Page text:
For more than three decades, advocates for crime victims' rights have been attempting to secure one of the most difficult of all legislative changes: an amendment to the U.S. Constitution.
In what is likely a purely symbolic gesture, Rep. Jim Costa, D-Fresno, this week joined Republican Reps. Trent Franks of Arizona and Ed Royce of California in reintroducing a victims' rights amendment that would become part of the Constitution. "Only a constitutional amendment will begin to change the culture that treats crime victims with less than fairness, dignity and respect to which they are entitled," Costa and the other members of Congress wrote.
As noble an issue as this may be, constitutional amendments are extraordinarily difficult to secure. An amendment must first win two-thirds' support in both the House and Senate, then must be ratified by 75 percent of the states. Another thorny obstacle is that many states, including California, already have victims' rights laws on the books, and federal lawmakers are reticent to change the Constitution when legislation that achieves the same objective can be enacted on the state level.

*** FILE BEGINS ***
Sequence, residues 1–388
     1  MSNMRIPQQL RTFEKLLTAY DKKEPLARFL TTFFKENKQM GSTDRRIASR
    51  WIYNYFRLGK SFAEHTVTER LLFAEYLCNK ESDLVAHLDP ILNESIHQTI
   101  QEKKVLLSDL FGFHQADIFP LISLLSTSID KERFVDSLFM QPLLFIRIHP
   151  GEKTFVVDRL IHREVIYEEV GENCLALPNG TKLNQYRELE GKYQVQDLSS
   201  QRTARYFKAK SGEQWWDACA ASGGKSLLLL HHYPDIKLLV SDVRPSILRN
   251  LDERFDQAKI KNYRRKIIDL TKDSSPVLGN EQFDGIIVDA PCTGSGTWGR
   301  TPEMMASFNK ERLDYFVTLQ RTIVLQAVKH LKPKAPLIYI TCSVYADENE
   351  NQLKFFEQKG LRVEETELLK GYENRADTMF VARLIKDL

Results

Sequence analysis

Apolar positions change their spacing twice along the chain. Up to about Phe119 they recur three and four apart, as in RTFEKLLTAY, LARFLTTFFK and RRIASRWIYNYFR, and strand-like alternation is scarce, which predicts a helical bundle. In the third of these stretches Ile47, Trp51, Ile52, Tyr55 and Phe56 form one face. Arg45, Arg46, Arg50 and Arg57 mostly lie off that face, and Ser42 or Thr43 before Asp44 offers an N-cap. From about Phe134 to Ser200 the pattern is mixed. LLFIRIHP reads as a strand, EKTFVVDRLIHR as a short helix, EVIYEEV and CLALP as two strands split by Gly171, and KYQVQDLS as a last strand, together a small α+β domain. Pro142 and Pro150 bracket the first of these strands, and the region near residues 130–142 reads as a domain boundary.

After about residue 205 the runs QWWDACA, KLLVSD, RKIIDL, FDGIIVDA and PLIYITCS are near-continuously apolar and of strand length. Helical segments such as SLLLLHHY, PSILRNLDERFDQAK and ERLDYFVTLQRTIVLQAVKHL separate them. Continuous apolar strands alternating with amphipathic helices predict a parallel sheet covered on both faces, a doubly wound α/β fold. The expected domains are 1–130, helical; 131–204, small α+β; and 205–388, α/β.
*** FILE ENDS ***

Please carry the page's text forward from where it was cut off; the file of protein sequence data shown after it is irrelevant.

California's law, commonly called Marsy's Law, contains many of the provisions of the national proposal, including specifying that crime victims have the right to notice of public proceedings related to the offense, as well as the right to be heard in various proceedings.
The proposed amendment's greatest value might be in keeping the issue of victims' rights out front in the public consciousness. Legislative redundancy, however, should not be a hindrance to codifying those rights in the Constitution, unlikely as it might be.